The hardest hitters in heavyweight history

A prime Mike Tyson might have been the most destructive fighter ever to climb into a boxing ring. AP Photo

It is no secret why people love the heavyweights. More than in any other division, there is always the chance of a sudden and spectacular ending.

It is sadly true that many heavyweight fights have been disappointing, lumbering affairs, but the big men have also provided some of boxing's most startling moments. Here is a look at 10 heavyweight hitters who have provided some of those moments.

1. Mike Tyson

For six rounds, the peak Mike Tyson was possibly the most devastating fighter ever seen, although trainer Don Turner once reminded me: "After six rounds he isn't the same." At his best, Tyson combined speed and power. Often, he was right on the other man before the poor fellow quite knew what was happening, such as when he crushed Marvis Frazier in 30 seconds. It also helped that Tyson intimidated many of his opponents to the point that they were ready to be knocked out before a punch was thrown (Michael Spinks, Alex Stewart and Bruce Seldon in particular). When Tyson knocked out Spinks in 91 seconds in 1988 he truly looked unbeatable, prompting the remark from Sugar Ray Leonard (a closed-circuit TV analyst for the fight): "He was so destructive he should be locked up." Veteran reporter Ken Jones wrote in the British daily The Independent that Tyson "came to the ring with all the determination and pent-up energy that has helped establish him as perhaps the most intimidating force ever seen in boxing."

2. Sonny Liston

There is a body of opinion that Sonny Liston has been greatly underrated. People think of his dismal performances against Muhammad Ali, yet Liston might have been at his best long before he finally got the chance to fight for the title. His two early KO wins over Cleveland "Big Cat" Williams and a third-round knockout over the classic stylist Zora Folley were considered awesome exhibitions of heavyweight firepower. Liston's uncompromising attitude was summed up in a laconic comment made to the media before the first of the two one-round wins over Floyd Patterson: "My plan is to go right out at the opening bell and get what's coming to me -- and give Patterson what's coming to him."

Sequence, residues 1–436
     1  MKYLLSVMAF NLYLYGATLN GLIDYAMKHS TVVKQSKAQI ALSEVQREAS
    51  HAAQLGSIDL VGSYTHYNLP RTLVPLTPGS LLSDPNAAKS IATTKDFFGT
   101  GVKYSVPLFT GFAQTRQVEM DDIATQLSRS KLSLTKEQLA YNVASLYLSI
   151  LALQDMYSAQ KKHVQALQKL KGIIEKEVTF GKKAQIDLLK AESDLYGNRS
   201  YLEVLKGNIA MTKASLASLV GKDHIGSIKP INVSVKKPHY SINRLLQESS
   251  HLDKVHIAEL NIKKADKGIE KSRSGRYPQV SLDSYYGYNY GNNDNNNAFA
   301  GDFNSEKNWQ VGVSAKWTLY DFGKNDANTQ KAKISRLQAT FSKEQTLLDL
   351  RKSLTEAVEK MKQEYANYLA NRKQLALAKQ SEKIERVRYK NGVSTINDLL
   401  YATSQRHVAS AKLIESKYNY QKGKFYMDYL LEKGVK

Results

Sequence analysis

3. Joe Louis

Louis was not a great one-punch banger -- his famous 13th-round knockout win over Billy Conn came from a series of blows, for instance -- but in his prime he was a machine of destruction. Once Louis had a man hurt, he did not let him get away. He was what old-timers would call a great finisher. As with Tyson and Liston, his aura sometimes had an opponent so unnerved prior to the bout that, even before a blow had been landed, the fearful victim was, in the boxing vernacular, looking for the floor. Louis' knockout wins inspired awe as well as admiration in onlookers. To wit, after the Brown Bomber's one-round blowout of 45-pounds-heavier Buddy Baer in 1942, a wire service reporter named Jack Cuddy described Louis as "the most formidable fighting machine the human race ever produced."